David is not alone in his actions. Countless saints have allowed their judgment to be influenced by the whispers of their friends. Men and women whose lives have been dedicated to Christ, have fallen under the sway of others and led into actions that trouble the heart. Fortunately for David, this is not the end. We read of David’s actions to right his wrong, and sooth his troubled soul.

Whatever the cause of your troubled heart, the remedy is found in coming to the Lord and receiving the sweet comfort He provides. If your heart is troubled by pain or loss, know that He suffered in all points as we do, and understands our ways. If your hearts is troubled because of sin, the right course of action is confession, repentance, and learning to cling to the promises of God.

Pastor Jim


Strong Hands 

1 Samuel 23:16
“Then Jonathan, Saul’s son, arose and went to David in the woods and strengthened his hand in God.”

Things seem to be going from bad to worse for David. Saul’s rage forced him to flee the palace, and live the life of a fugitive. For safety sake, he dwelt in caves to hide from the king and his spies. He and his men came out of hiding at the command of the Lord, and risked their lives to rescue the city of Keilah from Philistine invaders, only to find the citizens of Keilah had sold them out to Saul. It is easy to see why both David and his men could become discouraged by their circumstances.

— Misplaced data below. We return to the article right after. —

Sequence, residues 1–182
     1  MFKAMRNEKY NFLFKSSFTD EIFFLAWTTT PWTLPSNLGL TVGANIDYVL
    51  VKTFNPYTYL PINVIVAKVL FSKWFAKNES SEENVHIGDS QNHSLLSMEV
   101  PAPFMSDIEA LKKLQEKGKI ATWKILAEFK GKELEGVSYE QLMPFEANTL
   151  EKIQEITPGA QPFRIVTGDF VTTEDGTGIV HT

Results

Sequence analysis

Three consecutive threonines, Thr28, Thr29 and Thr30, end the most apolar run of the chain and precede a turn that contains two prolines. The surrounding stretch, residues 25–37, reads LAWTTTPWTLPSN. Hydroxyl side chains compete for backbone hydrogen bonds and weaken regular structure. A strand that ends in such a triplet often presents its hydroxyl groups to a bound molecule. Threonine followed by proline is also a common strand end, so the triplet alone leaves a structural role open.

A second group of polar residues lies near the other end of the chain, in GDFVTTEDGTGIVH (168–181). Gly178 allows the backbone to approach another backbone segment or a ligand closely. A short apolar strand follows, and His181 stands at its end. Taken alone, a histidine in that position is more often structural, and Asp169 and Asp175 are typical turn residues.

It is during this dark hour that David receives a visit from his closest friend. This visit will prove to be a source of great strength for David, and a powerful example for all who walk with Christ down through the ages. We read that Jonathan arrived and “strengthened the hands of David.” This figurative term speaks of encouraging him in such a way that David is able to step back into life and prevail over his difficulties. It is vitally important that we learn how to have our own hands, and the hands of others strengthened.

1 Samuel 23:17 “And he said to him, ‘Do not fear, for the hand of Saul my father shall not find you. You shall be king over Israel, and I shall be next to you. Even my father Saul knows that.’”

Notice Jonathan did not encourage David by simply painting a rosy picture of life. He did not give the patent “everything will be OK” speech. Platitudes and empty promises of hope are of little value in the real world. Jonathan gave David a true source of strength, reminding him of the promises of God. No matter what his circumstances said, the Word of God promised David would sit upon the throne of Israel. Jonathan brought David back to the unshakable promises of God, which brought strength to his weary soul. No matter what you are facing, you will find great encouragement in the pages of your Bible. Promise after promise is given, to strengthen our hands for the journey we are traveling, as we await the coming of the Lord.

Pastor Jim